Bell Helicopter introduced a new five-seat, entry-level helicopter at the Paris Air Show this week. The aircraft was developed to meet performance targets set by an advisory council of customers who will operate the aircraft for utility, training, private use, and law enforcement. "The SLS [short light single] class is both extremely competitive and price sensitive, so we collaborated with customers to incorporate their mission needs in a high-performance, high-value helicopter at a very competitive price," said John Garrison, Bell CEO. The helicopter will feature a high-visibility cabin with large cabin doors, a flat floor, and five forward-facing seats. It will cruise at 125 knots for up to about 360 nm and carry a useful load up to 1,500 pounds, the company said.
click for photosFlaris, a Polish company, introduced its prototype single-engine personal jet at the Paris Air Show this week. The all-composite airplane reportedly has begun taxi tests and first flight is expected soon. It weighs about 1,430 pounds and can carry five people. Top speed is over 375 knots, according to the company website, and the range is 1,350 nm. It can fly from grass strips as short as 820 feet. It glides well, the company says, and comes with a ballistic parachute that's packed in the nose. Also, the wings can be removed for easier storage. The cockpit features Garmin avionics. The engine is by Pratt & Whitney, but the company told a French news site they are still considering other options. Flaris said it plans to start production next year and has set a price of about $1.5 million.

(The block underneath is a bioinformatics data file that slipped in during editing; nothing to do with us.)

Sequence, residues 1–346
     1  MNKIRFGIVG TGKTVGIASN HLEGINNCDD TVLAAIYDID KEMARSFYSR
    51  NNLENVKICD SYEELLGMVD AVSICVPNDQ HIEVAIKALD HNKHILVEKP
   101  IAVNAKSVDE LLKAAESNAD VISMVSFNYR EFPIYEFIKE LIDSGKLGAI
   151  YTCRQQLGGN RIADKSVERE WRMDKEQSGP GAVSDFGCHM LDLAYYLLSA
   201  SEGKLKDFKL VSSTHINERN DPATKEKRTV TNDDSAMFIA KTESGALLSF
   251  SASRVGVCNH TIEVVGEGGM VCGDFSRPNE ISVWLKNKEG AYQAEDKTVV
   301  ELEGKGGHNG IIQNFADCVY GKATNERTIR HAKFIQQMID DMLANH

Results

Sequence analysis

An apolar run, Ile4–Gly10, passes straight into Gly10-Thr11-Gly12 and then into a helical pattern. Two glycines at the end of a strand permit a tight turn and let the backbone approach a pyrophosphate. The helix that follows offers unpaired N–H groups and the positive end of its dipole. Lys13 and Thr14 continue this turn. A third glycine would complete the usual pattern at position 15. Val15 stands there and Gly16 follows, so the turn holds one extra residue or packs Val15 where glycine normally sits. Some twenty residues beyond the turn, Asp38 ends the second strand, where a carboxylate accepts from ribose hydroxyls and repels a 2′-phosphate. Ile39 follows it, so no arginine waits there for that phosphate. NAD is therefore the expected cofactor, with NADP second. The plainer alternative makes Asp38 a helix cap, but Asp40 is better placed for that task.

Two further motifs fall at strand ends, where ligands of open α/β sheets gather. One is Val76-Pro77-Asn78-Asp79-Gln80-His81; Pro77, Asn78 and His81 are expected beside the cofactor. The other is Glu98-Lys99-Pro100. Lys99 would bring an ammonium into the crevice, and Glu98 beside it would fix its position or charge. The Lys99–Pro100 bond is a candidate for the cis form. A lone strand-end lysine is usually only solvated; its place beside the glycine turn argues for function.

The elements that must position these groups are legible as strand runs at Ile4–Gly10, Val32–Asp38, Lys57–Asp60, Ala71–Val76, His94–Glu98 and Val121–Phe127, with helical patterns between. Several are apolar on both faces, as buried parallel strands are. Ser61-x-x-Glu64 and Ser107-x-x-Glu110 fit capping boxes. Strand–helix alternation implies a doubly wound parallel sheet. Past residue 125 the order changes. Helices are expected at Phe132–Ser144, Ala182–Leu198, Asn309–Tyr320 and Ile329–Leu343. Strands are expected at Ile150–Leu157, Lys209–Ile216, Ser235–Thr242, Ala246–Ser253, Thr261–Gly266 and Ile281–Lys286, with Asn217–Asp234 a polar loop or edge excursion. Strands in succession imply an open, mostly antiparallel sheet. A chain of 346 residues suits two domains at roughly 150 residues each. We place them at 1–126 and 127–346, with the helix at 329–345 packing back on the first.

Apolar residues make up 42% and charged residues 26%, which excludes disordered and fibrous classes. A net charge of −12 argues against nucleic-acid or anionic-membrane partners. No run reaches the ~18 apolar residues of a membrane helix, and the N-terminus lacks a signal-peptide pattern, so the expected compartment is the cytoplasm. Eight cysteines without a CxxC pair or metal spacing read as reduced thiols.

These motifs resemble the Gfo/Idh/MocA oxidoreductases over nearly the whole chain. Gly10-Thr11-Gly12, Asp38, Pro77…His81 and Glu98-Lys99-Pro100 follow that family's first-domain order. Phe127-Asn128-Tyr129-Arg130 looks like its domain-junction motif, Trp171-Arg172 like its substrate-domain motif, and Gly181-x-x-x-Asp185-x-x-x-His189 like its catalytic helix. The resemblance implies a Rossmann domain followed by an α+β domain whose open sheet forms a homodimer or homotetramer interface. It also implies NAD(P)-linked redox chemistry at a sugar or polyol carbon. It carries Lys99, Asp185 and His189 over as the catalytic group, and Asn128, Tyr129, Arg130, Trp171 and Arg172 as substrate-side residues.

Garmin's New Aviation VHF Radios Early this year, a new series of aviation VHF COM and NAV/COM radios, the GTR and GNC series, was announced by Garmin. As the replacement products for the popular SL 30 and SL 40 models, the GNC series NAV/COM radios include new features to reduce pilot workload, while also offering an affordable solution to meet the requirements of the 8.33 kHz channel spacing mandate recently enacted by the European Union under the Single European Sky (SES) initiative.
Sign MoU With Diamond Aircraft On Electric Propulsion System EADS and Siemens are entering into a long-term research partnership to introduce new electric propulsion systems that could help airlines lower their fuel bills and drive environmental performance. Together with their partner, Austria-based Diamond Aircraft, the companies are showcasing a second generation serial hybrid electric airplane at Le Bourget.
“The serial electric propulsion allows us to design airplanes with totally different characteristics than today. Vertical take-off and high-speed cruise can be realized in a much more efficient way.” Source: Diamond Aircraft owner Christian Dries at Le Bourget.